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Ohio in ‘worst’ phase of pandemic

DeWine sounds alarm after daily cases of COVID-19 soar to highest level yet

For the second day in a row, the state saw a record-breaking number of new coronavirus cases reported Thursday statewide.

However, Trumbull County moved down to the orange level on the state’s scale for risk of virus spread to join Columbiana County. Mahoning County remains at the higher red level.

“This is the worst situation Ohio has been in,” DeWine said, referring to the frequency of cases.

More Ohioans are vulnerable today than ever before because of how far the spread has gone, DeWine said.

Indicators that kept Mahoning County in the red, the second highest level, for a second week include having more than 50 cases per 100,000 people; the rate is 88.3. And, the seven-day new cases average is at 9.71, which has been trending down this month, since a high of 22 new cases on average at the beginning of the month.

More than 50 percent of new cases are not in a congregate setting; about 43 percent of the cases are in congregate settings. And, the county is experiencing enough emergency room visits to meet that indicator. The seven-day average is 8.29, though it is down from 11.29 on Oct. 10. Outpatient visits also meet the indicator, the seven-day average of outpatient visits is at 64.29 per day. But, the county has not met the indicator for hospital admissions, according to the Ohio Public Health Advisory System.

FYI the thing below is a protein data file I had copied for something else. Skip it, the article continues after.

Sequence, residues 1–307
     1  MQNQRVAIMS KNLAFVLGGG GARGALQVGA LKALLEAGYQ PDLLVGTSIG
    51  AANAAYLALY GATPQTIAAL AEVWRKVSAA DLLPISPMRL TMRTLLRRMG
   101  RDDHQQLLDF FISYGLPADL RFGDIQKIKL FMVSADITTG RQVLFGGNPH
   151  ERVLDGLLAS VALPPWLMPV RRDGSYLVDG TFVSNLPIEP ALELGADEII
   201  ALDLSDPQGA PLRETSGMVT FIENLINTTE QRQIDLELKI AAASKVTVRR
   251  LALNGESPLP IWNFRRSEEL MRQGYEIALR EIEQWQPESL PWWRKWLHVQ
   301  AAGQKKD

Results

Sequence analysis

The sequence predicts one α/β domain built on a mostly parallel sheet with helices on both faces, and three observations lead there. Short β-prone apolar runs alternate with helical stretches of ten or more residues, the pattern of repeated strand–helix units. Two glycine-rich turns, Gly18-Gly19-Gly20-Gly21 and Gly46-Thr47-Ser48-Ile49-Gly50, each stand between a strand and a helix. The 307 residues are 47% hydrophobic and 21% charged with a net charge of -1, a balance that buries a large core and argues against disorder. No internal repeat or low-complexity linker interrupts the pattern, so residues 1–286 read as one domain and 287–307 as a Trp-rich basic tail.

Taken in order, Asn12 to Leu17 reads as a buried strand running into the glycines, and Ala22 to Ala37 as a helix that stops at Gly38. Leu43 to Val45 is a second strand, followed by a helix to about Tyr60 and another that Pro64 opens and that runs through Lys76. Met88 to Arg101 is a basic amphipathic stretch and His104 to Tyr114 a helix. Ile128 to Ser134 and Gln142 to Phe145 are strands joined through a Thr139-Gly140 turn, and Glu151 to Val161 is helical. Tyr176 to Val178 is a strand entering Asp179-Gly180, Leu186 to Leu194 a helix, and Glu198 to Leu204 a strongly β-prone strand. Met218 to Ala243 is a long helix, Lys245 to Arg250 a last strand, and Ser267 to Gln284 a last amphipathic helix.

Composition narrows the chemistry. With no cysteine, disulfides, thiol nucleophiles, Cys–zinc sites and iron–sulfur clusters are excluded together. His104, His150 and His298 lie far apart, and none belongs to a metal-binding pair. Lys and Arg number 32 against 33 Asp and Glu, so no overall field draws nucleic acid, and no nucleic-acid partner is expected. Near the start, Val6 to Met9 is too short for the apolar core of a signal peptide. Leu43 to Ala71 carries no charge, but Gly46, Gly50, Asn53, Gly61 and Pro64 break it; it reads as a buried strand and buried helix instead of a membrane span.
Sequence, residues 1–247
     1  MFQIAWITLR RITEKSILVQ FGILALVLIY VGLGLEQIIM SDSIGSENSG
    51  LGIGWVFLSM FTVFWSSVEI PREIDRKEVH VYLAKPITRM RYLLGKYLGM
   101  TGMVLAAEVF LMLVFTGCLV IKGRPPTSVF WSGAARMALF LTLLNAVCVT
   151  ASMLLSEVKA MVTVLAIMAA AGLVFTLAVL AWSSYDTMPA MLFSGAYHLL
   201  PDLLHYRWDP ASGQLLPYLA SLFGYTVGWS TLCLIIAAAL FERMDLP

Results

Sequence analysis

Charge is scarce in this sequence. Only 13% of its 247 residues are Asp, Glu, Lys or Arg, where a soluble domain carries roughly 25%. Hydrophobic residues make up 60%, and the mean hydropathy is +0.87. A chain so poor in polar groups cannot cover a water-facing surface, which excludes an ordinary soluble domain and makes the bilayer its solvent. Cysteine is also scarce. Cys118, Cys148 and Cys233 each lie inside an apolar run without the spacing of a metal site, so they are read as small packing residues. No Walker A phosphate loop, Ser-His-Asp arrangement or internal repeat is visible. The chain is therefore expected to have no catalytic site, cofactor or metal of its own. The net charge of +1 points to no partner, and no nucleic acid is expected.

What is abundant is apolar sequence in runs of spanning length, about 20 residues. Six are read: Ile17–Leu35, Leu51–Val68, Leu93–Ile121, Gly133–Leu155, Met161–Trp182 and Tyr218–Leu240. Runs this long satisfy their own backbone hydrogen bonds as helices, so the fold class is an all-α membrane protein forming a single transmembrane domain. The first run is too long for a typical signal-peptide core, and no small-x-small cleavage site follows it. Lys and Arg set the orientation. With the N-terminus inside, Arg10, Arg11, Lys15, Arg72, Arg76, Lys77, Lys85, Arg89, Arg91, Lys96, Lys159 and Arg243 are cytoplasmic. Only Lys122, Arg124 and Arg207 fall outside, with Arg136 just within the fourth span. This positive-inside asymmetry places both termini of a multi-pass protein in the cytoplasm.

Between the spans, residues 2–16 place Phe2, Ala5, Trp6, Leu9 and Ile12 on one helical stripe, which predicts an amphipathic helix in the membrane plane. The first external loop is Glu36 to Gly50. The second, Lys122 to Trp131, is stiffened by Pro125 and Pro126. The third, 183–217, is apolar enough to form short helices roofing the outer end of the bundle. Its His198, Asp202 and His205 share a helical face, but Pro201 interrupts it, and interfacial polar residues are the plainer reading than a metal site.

Mahoning County saw 51 new cases Thursday, bringing its total to 3,476, with 283 deaths, 536 hospitalizations and 2,819 presumed recovered.

After spending a week at the red level, Trumbull County went down to orange. Though there are still more than 50 cases per 100,000 people in the county — it is at 57.6 — other indicators were not met. The county still registers most of the cases in non-congregate settings — 95 percent, but hospital admissions, new case increase averages and emergency room visits have not met the indicators necessary to keep the county in the red.

Cases increased by 11 Thursday in Trumbull County, bringing the total to 2,125, where 134 deaths have been reported, 362 hospitalizations and 1,801 presumed recovered.

Columbiana County remains at orange. Though the indicators for emergency room visits, hospitalizations and the seven-day average for new cases are not met, the indicators for non-congregate settings, outpatient visits and the per capita rate have been met.

There are 56.9 cases per 100,000 people in the county, 100 percent of cases are in a non-congregate settings, and the rate of outpatient visits over seven days is about 15, up from 10 in late September.

Eleven new cases reported in Columbiana County on Thursday bring the total to 2,053, with 86 deaths, 231 hospitalizations and 1,866 presumed recovered.

A record for new cases statewide was set Wednesday, when 2,039 new cases were reported, and again Thursday when 2,178 new cases were reported in Ohio. There have been 175,843 cases in the state, 5,038 deaths, 16,824 hospitalizations and 147,063 presumed recovered.

DeWine said strict adherence to public health guidelines is the only way to get through the increased spread the state is experiencing.

“We have the ability to do it,” DeWine said. “These are basic things.”

Despite naysayers who doubt the effectiveness of masks, avoiding crowds and maintaining social distance, the consensus is out. Masks work, DeWine said.

“I hope the data we saw today will be a wake-up call,” he said.

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